August 2014


Isabelle Broom’s The Wedding Speech won The Great British Write Off short story competition. She also works for heat magazine and is working on her first novel. (Interview by Jade Craddock)

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  1. 1. You’ve had quite a unique journey to publication, can you tell us a bit about how The Wedding Speech came to be published?

    Unique is definitely true! Well, it all came about when I entered a competition called The Great British Write Off after spotting the link on Milly Johnson’s Twitter feed (she was one of the judges). Run by Simon & Schuster in association with, the comp required me to write a short story under the bracket of women’s fiction. I did, and it only went and won! To say I was honoured would be a huge understatement, and everything from then on has been a bit of a whirlwind.

  2. 2. What was your immediate reaction when you found out you’d won the competition?

    I got the email telling me I’d won while I was sitting at my desk here at heat magazine (I work as Deputy Production Editor and Book Reviews Editor), and I admit there was a fair amount of squealing, followed by a few words of disbelief that I won’t repeat here. Then I texted my boyfriend and rang my mum. It felt absolutely amazing!

  3. 3. Have you always dreamed of being an author and do you think you would have tried your hand at writing a novel if it weren’t for the competition?

    Yes, I most definitely have. When I was five, I used to fill exercise books with short stories accompanied by not-very-good drawings, and they all had titles such as “The Magic Rubber” and “The Clever Bear” etc. They all had happy endings, too. I carried on dabbling with writing all the way through my life, but it’s taken me until now to really be in a position to write a novel. I think you have to experience a certain amount of what life throws at you before you can really get to grips with human emotions and relationships. Winning the competition has definitely helped, though, because I feel like my self-confidence has been given a huge boost.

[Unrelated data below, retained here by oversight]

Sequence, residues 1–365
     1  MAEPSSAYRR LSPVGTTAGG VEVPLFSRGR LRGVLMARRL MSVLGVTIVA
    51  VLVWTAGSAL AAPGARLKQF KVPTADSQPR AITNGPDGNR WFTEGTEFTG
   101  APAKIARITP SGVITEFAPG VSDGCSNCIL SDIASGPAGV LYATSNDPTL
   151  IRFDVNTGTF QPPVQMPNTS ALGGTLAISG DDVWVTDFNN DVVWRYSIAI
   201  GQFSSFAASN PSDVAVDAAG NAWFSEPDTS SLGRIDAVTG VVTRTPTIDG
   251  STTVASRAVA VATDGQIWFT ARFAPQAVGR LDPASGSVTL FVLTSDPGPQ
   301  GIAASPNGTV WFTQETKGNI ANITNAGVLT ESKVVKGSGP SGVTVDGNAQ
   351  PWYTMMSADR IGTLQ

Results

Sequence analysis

4. 4. Where did the inspiration for The Wedding Speech come from?

    I wanted to find a way of including lots of characters into the limited word count, and I thought a wedding speech would be a good way of doing so, being as they are full of anecdotes and usually said in front of an audience. Also, a wedding speech is something most people can relate to. Plus, it gave me the opportunity to include both humour and pathos. A good speech is something people remember and talk about for years, so I wanted to do it justice.

  5. 5. Would you ever consider writing a full-length prequel or sequel to The Wedding Speech?

    I’m totally in love with my lead character, Ed, so I’d love to take his story on past the end of the short, definitely. Perhaps fast-forward to a few years in the future, when he’s bringing up his own children and watching them grow up into adults.

  6. 6. Part of your prize as well as getting your book published were sessions with a literary agent, a commissioning editor and bestselling author Milly Johnson, what was the most surprising thing you learnt about the publishing industry/being an author?